RiFew can be enjoying the resurgence of the Irish border conundrum, least of all Boris Johnson – so why bother with the trade deal bluster?
It is a 310-mile headache that destroyed Theresa May’s political career and threatens to derail Brexit trade deal talks. The Americans do not like it either – the Democrats at any rate. In a grim reminder of Barack Obama’s warning to British voters in 2016 that we would be at ‘the back of the queue…’ if we voted to leave the EU, Nancy Pelosi has warned that her Party would block any trade deal between the U.S. and U.K. that (in her assessment) threatens peace in Northern Ireland. With a Biden Presidency possibly only months away, Boris must tread carefully.
So, with so much at stake, what is he playing at? Is it a high-stakes bluff to bribe the EU into compromise in trade talks? Is he playing to the (Brexit) crowd to save his skin as talks fail to deliver a deal? Is he simply telling it how it is and preparing the country and markets for a bumpy end-of-transition? Or as anti-Boris pundits like to say, just a load of Boris-Bluster from a rudderless PM? Here is the background…
The Bill itself sets out to enshrine in law a ‘mutual recognition’ principle that goods entering into or produced in the United Kingdom can be sold or bought anywhere in the United Kingdom: if I make a widget in Belfast I can sell it in Brixton. This might not seem to be a particularly outrageous expectation for a sovereign nation – but under the terms of the withdrawal agreement that the PM signed last year, the EU has the ability to impose a full-scale trade border down the Irish sea under the terms of the Northern Ireland Protocol.
Michael Barnier has announced that if Britain is to receive what the EU calls a ‘third-country listing’, it needs to provide guarantees on the UK’s animal hygiene regime. The ‘third-country list’ includes countries such as Andorra, the USA and South Korea and it enables them to export food to EU member states. The UK Internal Market Bill (if law) would provide domestic legal justification to continue to export British food into Northern Ireland (even if against international law).
The British are exceptionally fond of holding themselves to high principle when it comes to respecting international law. However, the British – and the EU – both have form here. In 2015, the EU funded unauthorised Palestinian buildings in areas placed under Israeli control by the Oslo Accords. More than 400 EU-funded Palestinian homes had been erected in Area C of the West Bank, which was placed under Israeli jurisdiction by the international agreement, to which the EU was a signatory.
The Palestinian buildings, which have no Israeli permits, came at a cost of tens of millions of euros in public money, a proportion of which came from the British taxpayer. This raised concerns that the EU was using valuable resources to take sides in a foreign territorial dispute. The claims were said to be made by Regavim, a right-of-centre Israeli NGO, which had closely been documenting the construction. Its findings were backed by senior international lawyers and two MEPs.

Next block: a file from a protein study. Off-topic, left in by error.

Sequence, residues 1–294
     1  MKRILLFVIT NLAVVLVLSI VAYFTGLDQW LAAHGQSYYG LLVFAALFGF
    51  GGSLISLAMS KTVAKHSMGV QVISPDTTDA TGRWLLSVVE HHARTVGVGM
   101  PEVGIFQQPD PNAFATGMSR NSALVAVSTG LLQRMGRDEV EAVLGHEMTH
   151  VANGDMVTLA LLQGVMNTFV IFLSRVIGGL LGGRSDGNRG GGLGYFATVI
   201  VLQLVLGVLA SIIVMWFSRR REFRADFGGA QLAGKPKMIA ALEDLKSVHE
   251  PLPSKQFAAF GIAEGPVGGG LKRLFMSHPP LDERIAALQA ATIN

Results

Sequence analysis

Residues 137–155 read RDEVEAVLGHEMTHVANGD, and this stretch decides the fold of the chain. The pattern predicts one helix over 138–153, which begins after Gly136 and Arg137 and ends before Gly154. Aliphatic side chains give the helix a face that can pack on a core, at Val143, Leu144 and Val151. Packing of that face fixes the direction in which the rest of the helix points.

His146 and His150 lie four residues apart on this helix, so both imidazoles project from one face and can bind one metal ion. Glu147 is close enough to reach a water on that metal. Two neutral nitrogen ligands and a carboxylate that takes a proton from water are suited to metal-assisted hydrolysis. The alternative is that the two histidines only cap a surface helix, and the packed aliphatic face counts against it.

The EU is playing hard ball by effectively threatening to break up the UK if Boris does not relent on fishing waters and the ‘level playing field’. The stakes are high for both sides, but it is worth remembering that EU businesses – from Italian washing machines and scooters, to Dutch cheese and tulips (the British spent £1.1 billion on Dutch flowers in 2019) – would suffer badly from the imposition of tariffs from.
Numbers from CIVITA show that EU exporters would face the combined sum of £12.9 billion in UK tariffs – more than double the other way around. Germany alone will have to deal with the impact of £3.4 billion of tariffs (including £1.8 billion on its beautiful cars alone) and French vintners and cheese makers will no doubt balk at the prospect of £1.4 billion in tariffs.
Boris clearly has a strong hand – the tariffs for Britain are eye watering – but small beer compared to the damage a no-trade-deal scenario would cause to EU exports.
It is, of course, shocking that a British Prime Minister would sign a document that left any room for doubt about the United Kingdom’s territorial integrity – which shows that his ‘Get Brexit Done’ oven-ready deal wasn’t even ready for the microwave. But he did sign it: a superb example of political expediency. Yet in doing so he handed the EU an open goal.
The EU calculates that the political costs of tariffs are far less damaging than losing fishing waters for angry French fishermen and having to face a competitive UK market with flexible light-touch regulations and lower taxes. A flight of business and talent from EU countries to a cheaper and more competitive UK would be very bad for the EU – worse than tariffs.
It is likely that Boris is calculating that by passing the law (it has already passed the first reading), the government can do two things. First, it serves to pressure the EU to secure a good trade deal that delivers on the two British red lines: fishing waters and the ability to operate as a globally outward looking free trading and competitive nation. History shows us that the EU is unlikely to blink and unlikely to put the poverty of the average man on the street before the integrity of the political project. Secondly, it provides the Prime Minister with a failsafe – no mater how distasteful to many – to protect the integrity of the UK single market at all costs.
The Prime Minister’s beleaguered predecessor is avidly fighting this Bill in the House of Commons. This is sweet revenge for her. But, like her failed remainer colleagues from across the House, she may see the Prime Minister somehow just about pull it off – he certainly has form.